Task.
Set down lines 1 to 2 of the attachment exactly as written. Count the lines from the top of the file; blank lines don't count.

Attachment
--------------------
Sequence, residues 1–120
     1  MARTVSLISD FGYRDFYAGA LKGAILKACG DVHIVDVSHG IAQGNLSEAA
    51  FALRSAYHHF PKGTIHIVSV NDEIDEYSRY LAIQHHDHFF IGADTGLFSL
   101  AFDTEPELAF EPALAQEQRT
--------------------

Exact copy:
Sequence, residues 1–120
     1  MARTVSLISD FGYRDFYAGA LKGAILKACG DVHIVDVSHG IAQGNLSEAA